suborder

noun
sub·​or·​der | \ ˈsəb-ˌȯr-dər How to pronounce suborder (audio) \

Definition of suborder

: a subdivision of an order a soil suborder especially : a taxonomic category ranking between an order and a family

Examples of suborder in a Sentence

Recent Examples on the Web The soils in my new neighborhood seem to be Alfisols, likely in the Udalfs suborder. Bonnie Kristian, The Week, 14 Oct. 2021 As any entomologist would tell you, a gnat is one of many species of tiny, flying insects—biting and non-biting—in the dipterid suborder Nematocera, especially those in the families Mycetophilidae, Anisopodidae and Sciaridae. Joseph Truini, Popular Mechanics, 23 July 2021 Fikáček placed the beetle within the Myxophaga suborder, several evolutionary branches removed from its Myxophaga cousins that exist today. Shi En Kim, Smithsonian Magazine, 30 June 2021 Ankylosaurus magniventris is an ankylosaur—a suborder of four-legged, armored, and mostly herbivorous dinosaurs—but not all ankylosaurs were Ankylosaurus. Amy Mckeever, National Geographic, 22 Sep. 2020 This dinosaur is the namesake of its suborder, which included both ankylosaurids and the more primitive nodosaurids. Amy Mckeever, National Geographic, 22 Sep. 2020 One group of these animals, a suborder called Cyphophthalmi but more commonly known as mite harvestmen, falls a little short. Emily Willingham, Wired, 22 Sep. 2020 Meanwhile, true ammonites are a suborder of ammonoids that didn’t appear until about 200 million years ago, in the Jurassic period. Amy Mckeever, National Geographic, 4 Aug. 2020 Conversely, possum refers to a suborder of tree-living marsupials native to Australia, New Guinea, and Sulawesi. National Geographic, 23 Jan. 2020 See More

These example sentences are selected automatically from various online news sources to reflect current usage of the word 'suborder.' Views expressed in the examples do not represent the opinion of Merriam-Webster or its editors. Send us feedback.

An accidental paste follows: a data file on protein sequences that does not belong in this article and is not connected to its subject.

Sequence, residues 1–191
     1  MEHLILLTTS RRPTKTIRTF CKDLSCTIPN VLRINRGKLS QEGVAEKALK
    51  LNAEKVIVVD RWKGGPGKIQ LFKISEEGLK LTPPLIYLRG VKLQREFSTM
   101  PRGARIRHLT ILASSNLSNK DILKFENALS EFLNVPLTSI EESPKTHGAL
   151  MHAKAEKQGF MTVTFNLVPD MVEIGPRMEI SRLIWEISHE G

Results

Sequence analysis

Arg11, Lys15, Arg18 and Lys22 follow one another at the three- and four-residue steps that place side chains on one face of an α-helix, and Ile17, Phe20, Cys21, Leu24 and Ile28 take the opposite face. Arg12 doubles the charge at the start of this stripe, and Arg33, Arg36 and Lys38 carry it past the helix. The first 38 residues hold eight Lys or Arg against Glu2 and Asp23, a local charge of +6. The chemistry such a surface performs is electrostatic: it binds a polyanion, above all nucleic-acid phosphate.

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First Known Use of suborder

1705, in the meaning defined above

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Time Traveler for suborder

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The first known use of suborder was in 1705

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Dictionary Entries Near suborder

suborbital

suborder

subordinacy

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Cite this Entry

“Suborder.” Merriam-Webster.com Dictionary, Merriam-Webster, https://www.merriam-webster.com/dictionary/suborder. Accessed 28 May. 2022.

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More Definitions for suborder

suborder

noun
sub·​or·​der | \ ˈsəb-ˌȯrd-ər How to pronounce suborder (audio) \

Medical Definition of suborder

: a category in biological classification ranking below an order and above a family

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